Syphilis is a contagious disease that’s spread through sexual contact, including oral and anal sex, with an infected person. Here’s how to treat the disease.
Syphilis, a sexually transmitted infection (STI) caused by the bacterium Treponema pallidum, poses significant health risks if left untreated. The infection progresses through stages—primary, secondary, latent, and tertiary—each presenting with distinct signs and symptoms. Typically transmitted through sexual contact, the condition begins as a painless sore appearing on the genitals, rectum, or mouth. Direct contact with these sores results in the transmission of the disease between individuals, and it can also be transmitted from an infected mother to her baby during pregnancy, childbirth, or breastfeeding. Slowly and gradually, it can even affect various organs, including the skin, cardiovascular health, and nervous system. Here’s all you need to know about syphilis.
What are the symptoms of syphilis?
Symptoms of syphilis typically progress through stages.
- Primary syphilis manifests as painless sores (chancres) on the genitals, anus, or mouth, which can go unnoticed.
- Secondary syphilis involves rash, fever, swollen lymph nodes, and flu-like symptoms.
- Without treatment, it can progress to latent and tertiary stages, causing severe damage to organs like the heart, brain, and nerves, leading to paralysis, blindness, and even death.
- Late-stage symptoms can vary widely and include gummas (tissue swellings), neurological issues, and cardiovascular complications.
Considering the outcomes of syphilis, early detection is crucial to prevent long-term complications and transmission.
How does syphilis spread?
It is primarily spread through direct contact with an infected person’s sore during vaginal, oral, or anal sex. These sores can be found on the genitals, in the rectum, or in the mouth. The bacteria can also be transmitted from an infected mother to her unborn baby during pregnancy or childbirth, leading to congenital syphilis. Additionally, it can spread through blood transfusions or by sharing needles with someone who has this infection. Safe sexual practices, regular testing, and prompt treatment are crucial in preventing the spread of the infection.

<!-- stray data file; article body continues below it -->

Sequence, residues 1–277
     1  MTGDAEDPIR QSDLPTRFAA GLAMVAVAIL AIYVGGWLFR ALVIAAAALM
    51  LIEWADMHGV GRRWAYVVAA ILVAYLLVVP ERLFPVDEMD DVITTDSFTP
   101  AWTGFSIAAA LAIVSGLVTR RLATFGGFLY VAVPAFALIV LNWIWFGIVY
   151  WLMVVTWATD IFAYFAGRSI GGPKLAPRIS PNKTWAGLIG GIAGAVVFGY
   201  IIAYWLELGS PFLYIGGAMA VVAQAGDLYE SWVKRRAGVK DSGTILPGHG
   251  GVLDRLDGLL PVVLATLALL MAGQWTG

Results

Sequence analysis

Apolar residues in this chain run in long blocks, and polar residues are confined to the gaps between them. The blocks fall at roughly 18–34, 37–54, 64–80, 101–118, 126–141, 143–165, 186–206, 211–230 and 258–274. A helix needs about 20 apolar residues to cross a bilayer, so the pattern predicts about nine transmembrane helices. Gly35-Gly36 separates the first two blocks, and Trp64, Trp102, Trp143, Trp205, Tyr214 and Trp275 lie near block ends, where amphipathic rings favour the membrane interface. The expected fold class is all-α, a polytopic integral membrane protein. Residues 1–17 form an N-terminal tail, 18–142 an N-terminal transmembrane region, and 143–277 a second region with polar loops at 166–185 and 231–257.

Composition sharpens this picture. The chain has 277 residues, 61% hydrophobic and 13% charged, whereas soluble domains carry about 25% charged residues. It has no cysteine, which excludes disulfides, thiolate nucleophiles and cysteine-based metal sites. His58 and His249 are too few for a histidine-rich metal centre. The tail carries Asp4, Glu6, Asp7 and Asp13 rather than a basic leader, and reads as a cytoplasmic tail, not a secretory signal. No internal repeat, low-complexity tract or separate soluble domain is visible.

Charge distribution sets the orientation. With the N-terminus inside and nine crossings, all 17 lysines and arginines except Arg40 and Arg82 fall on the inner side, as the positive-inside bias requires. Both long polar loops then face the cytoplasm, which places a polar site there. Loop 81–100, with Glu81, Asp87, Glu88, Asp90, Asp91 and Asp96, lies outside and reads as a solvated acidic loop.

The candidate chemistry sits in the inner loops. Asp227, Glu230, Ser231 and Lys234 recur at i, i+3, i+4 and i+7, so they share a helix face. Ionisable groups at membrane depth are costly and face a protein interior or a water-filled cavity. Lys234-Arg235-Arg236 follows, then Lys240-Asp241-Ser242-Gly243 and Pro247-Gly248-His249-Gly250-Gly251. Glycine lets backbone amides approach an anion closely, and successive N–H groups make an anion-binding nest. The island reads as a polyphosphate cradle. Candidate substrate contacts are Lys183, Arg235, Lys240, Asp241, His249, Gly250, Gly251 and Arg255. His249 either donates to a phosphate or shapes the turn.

What are the stages of syphilis?
This infection unfolds in four distinct stages, each accompanied by its own set of symptoms. The infection is most contagious during the initial two stages, namely primary and secondary syphilis.
It occurs two to 12 weeks after exposure, this stage features the development of a painless, smooth sore called a chancre (painless ulcer) on the genitals or mouth. Although the sore resolves on its own, the infection persists if left untreated, advancing to the second stage. Transmission is possible through vaginal, anal, or oral sex.
Healthshots Inner Circle An exclusive wellness community for women
In the second stage of the disease, around one to six months after the chancre disappears, a non-itchy, rough syphilis rash emerges, covering the entire body, including palms and soles. Additional symptoms may include fever, fatigue, muscle aches, weight loss, and swollen lymph nodes. Despite symptom fluctuations, the infection persists, necessitating treatment.
Select Topics of your interest and let us customize your feed.
When left untreated during the initial stages, the infection enters the latent phase, devoid of outward symptoms. Some patients may experience intermittent mild flare-ups during the latent stage, lasting up to 20 years, can lead to damage in organs such as the heart, bones, and nerves. Transmission during this stage is rare.
Late (tertiary) syphilis is characterised by serious health issues such as brain damage, heart disease, movement disorders, nerve damage, seizures, and vision problems, including blindness.
Diagnosis of syphilis
The diagnosis of this infection involves testing blood samples for the presence of antibodies and proteins created by the immune system to combat infections. These antibodies remain in the body for years, allowing blood tests to detect current or past infections. Additionally, fluid from a sore can be studied under a microscope to confirm the infection, and in cases of suspected nervous system problems, a lumbar puncture may be performed to test the cerebrospinal fluid surrounding the brain and spinal cord.
Treatment of syphilis
Treatment for the infection is relatively simple, particularly when detected early. A single shot of penicillin is the recommended treatment for primary, secondary, or early-stage latent syphilis. Individuals who are allergic to penicillin may be offered an alternative antibiotic or undergo a gradual process to build a tolerance to penicillin over time, known as penicillin desensitisation.
After the treatment, regular blood tests and exams are essential to monitor the effectiveness of penicillin. It is crucial to abstain from sexual contact with new partners until the treatment is complete, as confirmed by blood tests and the absence of sores. Additionally, informing sex partners about testing and treatment and getting tested for the human immunodeficiency virus (HIV) are recommended steps in post-treatment care. In pregnancy, there are three doses, each to be taken a week apart.